Thirty-three plastic-producing companies have banded together to fight the Canadian government’s decision to ban certain single-use plastics. On July 15, the group, known as the Responsible Plastic Use Coalition (RPUC), filed a lawsuit against the Canadian government, asking the federal courts to repeal the ban.
Canada’s Environment Minister Steven Guilbeault and Health Minister Jean-Yves Duclos published the ban’s final regulations in June. The regulations target checkout bags, cutlery, takeout containers, stir sticks, straws, and six-pack rings.
Starting December 2022, manufacturing and importing these plastics will be banned. Businesses will have until December 2023 to deplete their stocks. After that, it will be prohibited to sell the items. And the government has said it will ban the exporting of these plastics by the end of 2025.
What RPUC takes issue with is that under the Canadian Environmental Protection Act (CEPA) plastic pollution is now considered “toxic”.
“The federal government designated all plastic manufactured items as toxic, a designation we believe is not only inaccurate but could have far-reaching and unintended consequences. Canadians rely on plastic to sustain everyday life—from eyeglasses to diapers, to water piping, to computers, phones, and baby bottles,” the coalition wrote on its website. “We believe there are far more impactful policy solutions to divert waste from our natural environment.”
RPUC did not respond to comment when asked to elaborate on its alternative policy solutions.
When asked about the lawsuit by Cottage Life, Environment Minister Steven Guilbeault said over email: “Recently, a group of plastic companies filed another lawsuit against the Government of Canada, this time to try and stop the government’s ban on harmful single-use plastics. That’s their choice. Our choice is to stay focused on fighting plastic pollution and on fighting for our environment. And we’re confident the courts will agree with our position.”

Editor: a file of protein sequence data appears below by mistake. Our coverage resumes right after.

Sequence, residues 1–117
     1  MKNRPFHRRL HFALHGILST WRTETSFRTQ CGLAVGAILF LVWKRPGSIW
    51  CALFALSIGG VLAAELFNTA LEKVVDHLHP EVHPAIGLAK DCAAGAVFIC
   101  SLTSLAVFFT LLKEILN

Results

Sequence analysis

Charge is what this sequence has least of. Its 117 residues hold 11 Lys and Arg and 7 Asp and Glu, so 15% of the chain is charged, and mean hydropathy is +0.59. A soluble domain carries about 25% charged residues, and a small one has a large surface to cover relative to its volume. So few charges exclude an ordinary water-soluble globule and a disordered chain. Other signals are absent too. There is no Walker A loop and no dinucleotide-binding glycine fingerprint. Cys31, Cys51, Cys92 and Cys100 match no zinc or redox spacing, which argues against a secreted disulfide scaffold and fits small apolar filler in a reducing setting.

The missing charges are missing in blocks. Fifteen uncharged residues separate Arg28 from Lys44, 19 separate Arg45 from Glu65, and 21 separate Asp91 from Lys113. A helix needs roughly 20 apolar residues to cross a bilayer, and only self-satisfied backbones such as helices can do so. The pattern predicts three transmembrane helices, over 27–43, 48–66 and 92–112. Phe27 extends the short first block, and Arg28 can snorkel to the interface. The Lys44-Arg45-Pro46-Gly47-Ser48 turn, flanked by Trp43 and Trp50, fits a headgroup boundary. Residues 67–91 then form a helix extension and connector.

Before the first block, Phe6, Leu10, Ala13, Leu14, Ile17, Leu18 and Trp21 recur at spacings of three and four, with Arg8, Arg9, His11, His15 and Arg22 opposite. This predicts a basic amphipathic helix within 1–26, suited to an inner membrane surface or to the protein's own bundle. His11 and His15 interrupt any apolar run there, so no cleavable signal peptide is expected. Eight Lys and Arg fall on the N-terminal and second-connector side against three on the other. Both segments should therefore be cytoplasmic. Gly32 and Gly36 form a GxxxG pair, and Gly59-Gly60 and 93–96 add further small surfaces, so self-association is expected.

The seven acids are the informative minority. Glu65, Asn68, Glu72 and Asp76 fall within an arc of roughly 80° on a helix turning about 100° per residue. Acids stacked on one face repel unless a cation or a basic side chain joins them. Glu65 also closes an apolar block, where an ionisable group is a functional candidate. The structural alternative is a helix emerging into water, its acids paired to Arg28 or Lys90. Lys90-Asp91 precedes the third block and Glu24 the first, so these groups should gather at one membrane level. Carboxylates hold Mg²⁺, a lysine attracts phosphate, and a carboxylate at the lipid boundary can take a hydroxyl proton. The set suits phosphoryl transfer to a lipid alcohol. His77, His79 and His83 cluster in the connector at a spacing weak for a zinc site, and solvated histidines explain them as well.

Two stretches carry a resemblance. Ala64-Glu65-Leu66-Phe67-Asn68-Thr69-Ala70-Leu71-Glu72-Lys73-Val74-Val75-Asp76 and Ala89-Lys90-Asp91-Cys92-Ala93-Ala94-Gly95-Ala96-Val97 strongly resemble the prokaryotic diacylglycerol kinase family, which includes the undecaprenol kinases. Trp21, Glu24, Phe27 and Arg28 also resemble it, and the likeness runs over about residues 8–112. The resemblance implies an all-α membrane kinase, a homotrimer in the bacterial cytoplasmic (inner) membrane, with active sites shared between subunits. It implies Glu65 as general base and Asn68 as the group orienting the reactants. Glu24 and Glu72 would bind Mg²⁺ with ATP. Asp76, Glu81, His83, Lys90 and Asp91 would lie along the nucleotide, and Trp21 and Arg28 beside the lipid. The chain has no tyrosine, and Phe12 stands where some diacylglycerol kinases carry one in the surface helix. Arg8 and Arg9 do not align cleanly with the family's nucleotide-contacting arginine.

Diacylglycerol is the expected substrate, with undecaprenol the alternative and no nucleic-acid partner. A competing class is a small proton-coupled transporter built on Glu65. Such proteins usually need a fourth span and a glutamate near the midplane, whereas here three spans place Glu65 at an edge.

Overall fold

The decision to label plastic pollution as toxic came after the government published a scientific assessment in 2020, concluding that “the improper management of plastic waste has led to plastics becoming ubiquitous in all major compartments of the environment.”
The assessment went on to say that plastic pollution has been detected on shorelines, and in surface waters, sediment, groundwater, soil, indoor and outdoor air, food, and drinking water. Approximately one per cent of plastic waste enters the environment each year. That was the equivalent of 29,000 tonnes of plastic in 2016. And since plastic degrades slowly, the amount of plastic pollution found in the environment increases over time.
This poses a serious risk to animals that ingest or become entangled in the plastic, often dying as a result. Ingestion can also impact the health of humans.
According to the federal government, 15 billion plastic checkout bags are used every year and approximately 16 million straws are used daily. By introducing a ban on these items, the government estimates that over the next decade it will eliminate 1.3 million tonnes of hard-to-recycle plastic waste and 22,000 tonnes of plastic pollution.
This is a step in the right direction, but more work needs to be done, said Karen Wirsig, the plastics program manager for the environmental advocacy group Environmental Defence, in a statement.
“Banning these plastics is the most effective way to solve the problem. Leading countries on every continent are implementing bans on plastics, so it’s good to see Canada keeping its promise to roll out bans here. But this is only the first of many steps the government must take to reach its goal of zero plastic waste by 2030. We’ll be looking for additional bans to address more single-use plastics that continue to plague the environment, as well as measures to ensure reuse and refill options are widely available,” she said.
Wirsig also commented on RPUC’s lawsuit, claiming that Environmental Defence was appalled by the coalition’s actions. “The plastics industry insists that better waste collection and recycling are the answer but after years of failed recycling efforts, it’s never been more obvious that plastic pollution is not a waste management problem. These bans are the first clear sign that making and using less plastic is not only possible, but doable and necessary.”